“Seduction as a form of protest” – Throbbing Gristle
As a contrast to resistance, speculate ‘seduction’ as a form of protest – to lure in an audience.
not be aggressive but seductive – rebellion
“We never do anything the same because none of us can write music so there’s no way we’re going to perform you know some of the better-known tracks like discipline
or something like that, its not like that they could sing along with it.
It’s that expectation that you’ve always got to subvert as well and if you subvert that within yourself anyway then half the job’s done.
We very rarely do the same song the same way twice very very rarely probably never. Sometimes we use permutations which is a form of repetition but if you do a permutation in a reasonably creative way as William Burroughs used to say that’s
when you see what it really says, so if you cut things up and rearrange them over and over again you can actually start to identify how they work on you and that gives you a certain amount of space to change your consciousness and break away from the narrative that’s been written by society.
There’s a tendency to think that TG were about that attacking and desensitising but it we were actually about the opposite, it was about sort of breaking down that barrier people have about certain attitudes to music and life in general, making them connect again with the world around them and assimilate it in a way that was positive for them to
move forward as individual people, a collective really good powerful force of you know.
We are all human beings for God’s sake and we’ve all got to live together.
The people who are in power have got much better at commodifying rebellion and they’ve become much more sophisticated in their techniques instead of being afraid of something different they immediately look at ways to exploit it and absorb it and turn it into a product so the whole strategy has to become something different from head-on confrontation; one of the things we’ve talked about amongst ourselves is seduction as a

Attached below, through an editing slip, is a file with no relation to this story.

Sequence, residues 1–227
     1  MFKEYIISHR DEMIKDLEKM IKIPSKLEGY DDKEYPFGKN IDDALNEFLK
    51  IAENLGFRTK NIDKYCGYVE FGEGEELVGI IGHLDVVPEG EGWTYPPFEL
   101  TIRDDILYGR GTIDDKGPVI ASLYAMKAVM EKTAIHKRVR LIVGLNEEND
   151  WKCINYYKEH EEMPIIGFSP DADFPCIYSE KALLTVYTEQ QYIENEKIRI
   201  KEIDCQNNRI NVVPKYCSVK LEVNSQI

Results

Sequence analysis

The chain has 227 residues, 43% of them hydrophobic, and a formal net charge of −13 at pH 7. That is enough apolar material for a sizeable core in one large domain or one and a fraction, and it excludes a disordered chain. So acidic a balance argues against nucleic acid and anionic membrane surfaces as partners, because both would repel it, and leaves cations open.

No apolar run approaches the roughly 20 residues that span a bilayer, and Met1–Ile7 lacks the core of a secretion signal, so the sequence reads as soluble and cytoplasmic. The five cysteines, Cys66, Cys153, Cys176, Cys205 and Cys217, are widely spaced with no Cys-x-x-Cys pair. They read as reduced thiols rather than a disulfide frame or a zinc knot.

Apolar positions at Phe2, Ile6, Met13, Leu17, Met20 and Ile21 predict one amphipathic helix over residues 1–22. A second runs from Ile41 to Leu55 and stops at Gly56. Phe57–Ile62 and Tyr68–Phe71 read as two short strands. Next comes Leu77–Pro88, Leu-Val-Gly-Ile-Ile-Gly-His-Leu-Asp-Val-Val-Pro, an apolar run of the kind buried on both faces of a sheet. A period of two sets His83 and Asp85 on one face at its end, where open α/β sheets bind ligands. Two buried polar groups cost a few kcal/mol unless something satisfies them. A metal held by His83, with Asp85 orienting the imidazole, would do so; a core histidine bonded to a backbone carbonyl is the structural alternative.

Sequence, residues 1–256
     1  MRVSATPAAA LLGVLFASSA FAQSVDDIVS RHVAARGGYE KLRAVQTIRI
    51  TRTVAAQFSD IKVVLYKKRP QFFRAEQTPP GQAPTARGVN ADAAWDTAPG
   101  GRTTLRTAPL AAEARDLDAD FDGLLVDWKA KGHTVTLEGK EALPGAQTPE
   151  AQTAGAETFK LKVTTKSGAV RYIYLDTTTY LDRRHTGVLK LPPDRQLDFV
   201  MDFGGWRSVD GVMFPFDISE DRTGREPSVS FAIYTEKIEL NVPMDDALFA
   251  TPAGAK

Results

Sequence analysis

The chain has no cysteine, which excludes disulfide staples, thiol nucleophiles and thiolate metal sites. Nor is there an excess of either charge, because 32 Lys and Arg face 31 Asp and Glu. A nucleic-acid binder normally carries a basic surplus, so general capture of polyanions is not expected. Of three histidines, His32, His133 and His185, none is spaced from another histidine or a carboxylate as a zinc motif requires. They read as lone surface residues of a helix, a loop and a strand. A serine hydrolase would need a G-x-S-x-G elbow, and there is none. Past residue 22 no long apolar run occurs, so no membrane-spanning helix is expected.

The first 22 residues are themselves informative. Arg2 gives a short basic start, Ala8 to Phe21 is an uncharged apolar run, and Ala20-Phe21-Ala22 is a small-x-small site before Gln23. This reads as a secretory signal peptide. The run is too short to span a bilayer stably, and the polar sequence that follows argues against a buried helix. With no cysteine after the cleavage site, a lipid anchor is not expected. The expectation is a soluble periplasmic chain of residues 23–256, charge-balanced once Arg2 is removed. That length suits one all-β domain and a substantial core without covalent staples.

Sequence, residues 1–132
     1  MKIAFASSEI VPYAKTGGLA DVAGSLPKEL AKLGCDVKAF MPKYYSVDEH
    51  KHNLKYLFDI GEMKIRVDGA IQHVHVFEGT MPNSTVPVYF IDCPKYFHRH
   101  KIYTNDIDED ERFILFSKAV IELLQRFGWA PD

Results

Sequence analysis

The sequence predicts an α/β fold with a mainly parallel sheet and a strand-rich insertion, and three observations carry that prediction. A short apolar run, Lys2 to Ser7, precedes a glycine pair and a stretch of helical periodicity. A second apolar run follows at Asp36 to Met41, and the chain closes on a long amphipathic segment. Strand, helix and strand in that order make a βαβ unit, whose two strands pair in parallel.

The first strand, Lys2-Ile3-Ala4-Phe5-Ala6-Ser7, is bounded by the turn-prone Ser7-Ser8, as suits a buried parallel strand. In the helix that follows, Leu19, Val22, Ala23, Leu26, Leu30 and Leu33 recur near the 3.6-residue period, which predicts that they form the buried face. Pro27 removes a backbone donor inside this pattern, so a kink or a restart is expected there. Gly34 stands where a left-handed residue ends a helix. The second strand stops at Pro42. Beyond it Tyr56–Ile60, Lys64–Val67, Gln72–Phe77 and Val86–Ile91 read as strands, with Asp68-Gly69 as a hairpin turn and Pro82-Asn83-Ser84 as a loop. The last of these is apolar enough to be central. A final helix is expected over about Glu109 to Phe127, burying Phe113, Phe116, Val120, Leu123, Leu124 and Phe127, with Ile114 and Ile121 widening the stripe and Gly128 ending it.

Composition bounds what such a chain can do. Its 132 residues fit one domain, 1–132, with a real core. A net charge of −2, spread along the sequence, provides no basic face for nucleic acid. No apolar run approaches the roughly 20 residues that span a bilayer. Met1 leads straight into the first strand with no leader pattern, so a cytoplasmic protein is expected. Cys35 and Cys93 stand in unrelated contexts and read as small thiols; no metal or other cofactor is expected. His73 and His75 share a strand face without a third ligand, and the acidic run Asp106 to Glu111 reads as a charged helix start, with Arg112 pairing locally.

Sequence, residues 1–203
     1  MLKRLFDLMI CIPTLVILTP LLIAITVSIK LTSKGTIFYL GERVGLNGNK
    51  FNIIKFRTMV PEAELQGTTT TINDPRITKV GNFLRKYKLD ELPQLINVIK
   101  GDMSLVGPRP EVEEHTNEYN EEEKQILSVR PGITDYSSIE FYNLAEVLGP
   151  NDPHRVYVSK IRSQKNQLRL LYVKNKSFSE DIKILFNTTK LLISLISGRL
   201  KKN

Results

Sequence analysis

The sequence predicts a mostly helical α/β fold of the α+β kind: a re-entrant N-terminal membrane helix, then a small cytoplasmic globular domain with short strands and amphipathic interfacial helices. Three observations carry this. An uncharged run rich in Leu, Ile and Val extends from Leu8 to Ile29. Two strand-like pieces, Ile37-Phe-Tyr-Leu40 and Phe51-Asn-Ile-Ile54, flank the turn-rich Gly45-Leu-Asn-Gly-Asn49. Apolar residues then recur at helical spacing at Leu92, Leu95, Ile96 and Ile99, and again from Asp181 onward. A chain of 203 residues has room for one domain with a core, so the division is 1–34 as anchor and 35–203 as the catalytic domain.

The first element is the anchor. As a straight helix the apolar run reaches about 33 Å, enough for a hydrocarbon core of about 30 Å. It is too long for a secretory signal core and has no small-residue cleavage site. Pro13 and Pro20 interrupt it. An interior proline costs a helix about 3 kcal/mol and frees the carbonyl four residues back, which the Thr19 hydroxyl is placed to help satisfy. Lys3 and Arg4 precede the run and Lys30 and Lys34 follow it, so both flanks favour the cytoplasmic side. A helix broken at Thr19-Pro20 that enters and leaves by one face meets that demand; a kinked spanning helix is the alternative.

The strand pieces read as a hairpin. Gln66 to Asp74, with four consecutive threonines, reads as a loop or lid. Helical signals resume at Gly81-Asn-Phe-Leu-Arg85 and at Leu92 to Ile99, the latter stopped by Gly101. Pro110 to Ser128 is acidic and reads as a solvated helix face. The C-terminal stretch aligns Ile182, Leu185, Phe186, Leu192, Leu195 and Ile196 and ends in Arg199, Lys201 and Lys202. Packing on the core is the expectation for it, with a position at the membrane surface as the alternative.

strategy, to be much softer and more appealing and seductive and thereby give
us sort of hesitation to the usual dynamic that happens in terms of those
who would prefer us not to speak so you catch them off-guard by not being
aggressive but by being seductive.” Throbbing Gristle interview 2016
Ray Brassier: What I consider to be interesting about noise is its dis-organizing potency: the incomprehensibility of a signal interfering with the redundancy in the structure of the receiver. Not transduction but schizduction: noise scrambles the capacity for self-organisation.
What does noise do to us? I think it was during the London OXO Tower show we did as part of Keiken Collective that I really got a sense of what noise can do to the conscious and how that then informs the body. What really resonated with me was allowing the sound to unravel, to deconstruct and break down, having moments to fall apart in to chaotic noise was fascinating to me, to watch how this informed the performers. When structure is lost – the effect it has on the body is that similar to what Ray Brassier characterised, it seems to allure a certain primitive movement, rawness, a fight or flight kind of gesture – in the sense that the receiver is unable to act according. The action is almost paralysing, a slow unravelling of familiarities. Which forces a new engagement a different reception.